Uncertainty Principle

The uncertainty principle states that it is impossible to accurately measure both the position and velocity of particles at the same instant. In order to measure either position or velocity you shine light on the particle. Waves of light that are scattered will give the position of the particle, but disturb the velocity. This also works the other way, you cannot measure the velocity without disturbing the position.

Problem 1 - If the photon has a short wavelength, and therefore a large momentum, the position can be measured accurately. But the photon scatters in a random direction, transferring a large and uncertain amount of momentum to the electron. If the photon has a long wavelength and low momentum, the collision does not disturb the electron's momentum very much, but the scattering will reveal its position only vaguely.

Problem 2 - If a large aperture is used for the microscope, the electron's location can be well resolved (see Rayleigh criterion); but by the principle of conservation of momentum, the transverse momentum of the incoming photon and hence the new momentum of the electron resolves poorly. If a small aperture is used, the accuracy of both resolutions is the other way around.

The number of the uncertainty in the position of the particle times the uncertainty in the velocity times the mass of the particle can never be smaller than a certain fixed quantity. This means that if you halve the uncertainty in position, you must double the uncertainty in velocity. This also works the other way around. The fixed quantity in this equation is called Planck's constant.

(for information on Planck's constant) http://en.wikipedia.org/wiki/Planck_constant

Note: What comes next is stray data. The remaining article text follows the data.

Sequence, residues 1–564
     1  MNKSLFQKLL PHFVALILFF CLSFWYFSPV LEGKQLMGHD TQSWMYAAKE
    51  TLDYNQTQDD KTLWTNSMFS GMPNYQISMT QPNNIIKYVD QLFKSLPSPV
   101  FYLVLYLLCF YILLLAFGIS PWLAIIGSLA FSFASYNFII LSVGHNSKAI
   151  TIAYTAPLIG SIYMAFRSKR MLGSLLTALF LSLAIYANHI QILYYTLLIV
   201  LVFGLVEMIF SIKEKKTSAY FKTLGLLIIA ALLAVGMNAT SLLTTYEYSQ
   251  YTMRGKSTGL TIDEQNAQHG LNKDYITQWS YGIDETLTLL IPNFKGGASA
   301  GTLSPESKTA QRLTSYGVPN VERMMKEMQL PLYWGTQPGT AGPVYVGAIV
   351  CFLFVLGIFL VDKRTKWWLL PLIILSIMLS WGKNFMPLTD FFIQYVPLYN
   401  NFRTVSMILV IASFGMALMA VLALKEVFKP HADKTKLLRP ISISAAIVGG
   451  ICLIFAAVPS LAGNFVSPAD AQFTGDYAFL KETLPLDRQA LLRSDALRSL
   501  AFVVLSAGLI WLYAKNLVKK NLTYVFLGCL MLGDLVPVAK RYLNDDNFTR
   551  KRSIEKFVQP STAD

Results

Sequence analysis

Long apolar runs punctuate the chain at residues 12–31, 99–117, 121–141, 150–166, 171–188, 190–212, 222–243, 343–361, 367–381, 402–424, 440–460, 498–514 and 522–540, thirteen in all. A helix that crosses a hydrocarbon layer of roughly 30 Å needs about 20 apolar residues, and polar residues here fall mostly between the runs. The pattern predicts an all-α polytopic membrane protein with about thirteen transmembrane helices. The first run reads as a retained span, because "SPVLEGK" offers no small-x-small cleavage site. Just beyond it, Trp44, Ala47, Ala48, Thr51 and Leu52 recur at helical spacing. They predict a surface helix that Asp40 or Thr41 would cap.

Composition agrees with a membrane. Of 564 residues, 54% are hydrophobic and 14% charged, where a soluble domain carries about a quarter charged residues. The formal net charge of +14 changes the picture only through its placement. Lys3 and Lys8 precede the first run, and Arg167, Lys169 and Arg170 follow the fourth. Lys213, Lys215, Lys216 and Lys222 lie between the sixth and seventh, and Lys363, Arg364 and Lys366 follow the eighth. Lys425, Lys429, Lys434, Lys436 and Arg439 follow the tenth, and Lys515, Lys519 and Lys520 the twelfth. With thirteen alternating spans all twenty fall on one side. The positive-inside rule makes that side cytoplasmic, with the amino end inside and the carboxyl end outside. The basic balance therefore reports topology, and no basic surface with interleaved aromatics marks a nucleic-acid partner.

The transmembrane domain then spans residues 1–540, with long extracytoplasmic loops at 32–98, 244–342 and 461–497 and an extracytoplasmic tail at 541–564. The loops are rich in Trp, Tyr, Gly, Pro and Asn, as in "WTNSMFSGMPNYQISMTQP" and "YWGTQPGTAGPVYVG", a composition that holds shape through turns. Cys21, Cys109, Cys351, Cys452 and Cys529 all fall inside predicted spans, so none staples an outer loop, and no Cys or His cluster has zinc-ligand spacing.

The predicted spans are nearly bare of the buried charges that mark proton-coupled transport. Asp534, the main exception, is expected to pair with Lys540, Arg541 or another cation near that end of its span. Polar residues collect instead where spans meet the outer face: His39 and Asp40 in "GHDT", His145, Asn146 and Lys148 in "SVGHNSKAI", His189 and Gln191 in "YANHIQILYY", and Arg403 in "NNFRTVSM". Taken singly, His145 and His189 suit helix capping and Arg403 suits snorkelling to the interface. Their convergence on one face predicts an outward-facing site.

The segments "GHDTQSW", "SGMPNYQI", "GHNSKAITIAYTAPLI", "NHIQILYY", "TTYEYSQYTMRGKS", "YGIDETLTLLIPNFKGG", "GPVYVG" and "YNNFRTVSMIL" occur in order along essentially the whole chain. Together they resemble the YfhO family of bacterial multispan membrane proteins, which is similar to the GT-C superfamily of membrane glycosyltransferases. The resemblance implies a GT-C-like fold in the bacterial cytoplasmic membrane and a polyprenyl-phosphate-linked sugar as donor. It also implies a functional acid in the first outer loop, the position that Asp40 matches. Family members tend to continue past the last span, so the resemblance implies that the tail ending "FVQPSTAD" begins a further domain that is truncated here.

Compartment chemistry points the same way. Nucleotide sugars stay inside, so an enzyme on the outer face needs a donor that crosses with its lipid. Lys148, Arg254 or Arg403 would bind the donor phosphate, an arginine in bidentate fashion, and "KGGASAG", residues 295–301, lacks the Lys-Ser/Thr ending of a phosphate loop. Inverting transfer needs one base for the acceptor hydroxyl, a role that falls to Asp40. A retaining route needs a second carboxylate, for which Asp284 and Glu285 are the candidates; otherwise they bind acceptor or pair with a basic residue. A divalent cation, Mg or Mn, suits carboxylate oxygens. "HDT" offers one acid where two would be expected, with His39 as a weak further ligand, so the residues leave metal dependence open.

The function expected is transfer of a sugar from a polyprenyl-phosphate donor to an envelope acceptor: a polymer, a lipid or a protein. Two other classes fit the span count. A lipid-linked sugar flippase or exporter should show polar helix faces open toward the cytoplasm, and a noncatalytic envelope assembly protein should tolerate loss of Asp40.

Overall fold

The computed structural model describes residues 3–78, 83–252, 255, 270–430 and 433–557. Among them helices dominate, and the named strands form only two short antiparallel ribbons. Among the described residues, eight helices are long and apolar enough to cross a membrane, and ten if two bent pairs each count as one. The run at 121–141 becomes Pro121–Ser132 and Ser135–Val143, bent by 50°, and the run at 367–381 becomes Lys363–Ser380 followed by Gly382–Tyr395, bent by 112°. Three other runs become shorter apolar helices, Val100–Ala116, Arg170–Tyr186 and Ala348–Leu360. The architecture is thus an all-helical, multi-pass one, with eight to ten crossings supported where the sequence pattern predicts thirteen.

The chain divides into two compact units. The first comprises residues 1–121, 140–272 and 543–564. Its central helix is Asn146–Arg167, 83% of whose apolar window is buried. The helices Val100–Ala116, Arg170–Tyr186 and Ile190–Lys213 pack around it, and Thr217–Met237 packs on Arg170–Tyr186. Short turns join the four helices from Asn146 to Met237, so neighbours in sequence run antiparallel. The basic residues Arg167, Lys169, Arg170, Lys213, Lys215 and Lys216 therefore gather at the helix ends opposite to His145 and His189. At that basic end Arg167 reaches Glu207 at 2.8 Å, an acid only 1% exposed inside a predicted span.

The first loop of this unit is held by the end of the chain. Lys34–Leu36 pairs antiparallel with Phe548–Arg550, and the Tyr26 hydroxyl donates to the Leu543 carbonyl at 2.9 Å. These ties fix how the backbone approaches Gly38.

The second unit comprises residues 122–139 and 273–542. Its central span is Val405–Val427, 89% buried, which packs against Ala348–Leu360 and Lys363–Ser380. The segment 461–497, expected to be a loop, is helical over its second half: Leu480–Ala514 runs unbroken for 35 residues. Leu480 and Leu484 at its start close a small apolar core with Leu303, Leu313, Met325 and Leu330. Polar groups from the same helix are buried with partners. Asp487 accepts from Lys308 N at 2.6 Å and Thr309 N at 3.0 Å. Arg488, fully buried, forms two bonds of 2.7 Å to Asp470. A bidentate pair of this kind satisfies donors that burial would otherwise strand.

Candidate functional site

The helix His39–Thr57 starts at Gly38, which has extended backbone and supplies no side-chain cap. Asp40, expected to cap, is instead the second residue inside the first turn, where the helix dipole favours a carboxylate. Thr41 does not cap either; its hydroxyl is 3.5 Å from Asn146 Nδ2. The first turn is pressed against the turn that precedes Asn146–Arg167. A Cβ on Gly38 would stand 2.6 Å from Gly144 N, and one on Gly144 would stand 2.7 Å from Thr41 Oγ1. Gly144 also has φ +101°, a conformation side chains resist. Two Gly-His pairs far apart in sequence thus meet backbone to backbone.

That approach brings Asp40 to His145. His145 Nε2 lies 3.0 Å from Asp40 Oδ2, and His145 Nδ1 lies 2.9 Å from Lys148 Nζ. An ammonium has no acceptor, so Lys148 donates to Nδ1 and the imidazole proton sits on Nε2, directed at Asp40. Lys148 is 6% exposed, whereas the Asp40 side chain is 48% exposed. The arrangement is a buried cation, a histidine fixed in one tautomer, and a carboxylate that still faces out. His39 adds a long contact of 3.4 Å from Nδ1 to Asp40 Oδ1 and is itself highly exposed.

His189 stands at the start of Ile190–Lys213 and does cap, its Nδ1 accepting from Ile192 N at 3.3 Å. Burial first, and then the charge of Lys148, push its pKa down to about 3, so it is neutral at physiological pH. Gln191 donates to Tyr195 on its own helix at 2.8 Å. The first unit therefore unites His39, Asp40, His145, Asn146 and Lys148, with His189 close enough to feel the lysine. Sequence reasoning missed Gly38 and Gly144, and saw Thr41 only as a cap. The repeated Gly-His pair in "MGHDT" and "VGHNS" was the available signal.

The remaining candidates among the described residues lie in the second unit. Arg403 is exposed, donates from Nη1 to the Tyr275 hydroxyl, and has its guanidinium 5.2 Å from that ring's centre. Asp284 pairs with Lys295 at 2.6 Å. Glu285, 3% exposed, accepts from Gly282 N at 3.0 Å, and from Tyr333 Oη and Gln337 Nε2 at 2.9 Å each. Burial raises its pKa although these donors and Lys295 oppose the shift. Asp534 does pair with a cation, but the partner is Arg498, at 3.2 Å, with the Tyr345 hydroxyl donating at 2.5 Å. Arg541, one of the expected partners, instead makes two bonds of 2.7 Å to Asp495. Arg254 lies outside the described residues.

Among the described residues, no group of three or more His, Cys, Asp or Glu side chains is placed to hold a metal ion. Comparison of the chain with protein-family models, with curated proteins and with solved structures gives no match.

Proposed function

The errors made in measuring position and velocity have little effect on our daily lives. Those errors though, prevent us from predicting any future events. In order to predict the future location of a particle, one must know the precise characteristics of the partice at any one moment. Since we cannot measure that, we cannot predict the future characteristics of the particle.

The uncertainty principle was created by Werner Heisenberg in 1927. Heisenberg was working on mathematical foundations in quantum mechanics when he formulated his principle. This principle was a huge discovery in the quantum theory.
Heisenberg once wrote: It can be expressed in its simplest form as follows: One can never know with perfect accuracy both of those two important factors which determine the movement of one of the smallest particles—its position and its velocity. It is impossible to determine accurately both the position and the direction and speed of a particle at the same instant.[8]

Website for diagrams
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Heisenberg's gamma-ray microscope for locating an electron (shown in blue). The incoming gamma ray (shown in green) is scattered by the electron up into the microscope's aperture angle θ. The scattered gamma-ray is shown in red. Classical [[/wiki/Optics|optics]] shows that the electron position can be resolved only up to an uncertainty Δx that depends on θ and the wavelength λ of the incoming light